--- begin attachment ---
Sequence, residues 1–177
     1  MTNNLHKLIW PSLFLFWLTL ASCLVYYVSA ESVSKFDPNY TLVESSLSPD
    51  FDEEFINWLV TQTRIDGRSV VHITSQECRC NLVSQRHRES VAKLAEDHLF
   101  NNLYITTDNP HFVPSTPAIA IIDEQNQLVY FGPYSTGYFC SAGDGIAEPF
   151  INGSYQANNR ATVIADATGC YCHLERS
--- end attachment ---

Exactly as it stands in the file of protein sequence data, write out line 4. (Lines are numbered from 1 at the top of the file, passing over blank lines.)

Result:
   101  NNLYITTDNP HFVPSTPAIA IIDEQNQLVY FGPYSTGYFC SAGDGIAEPF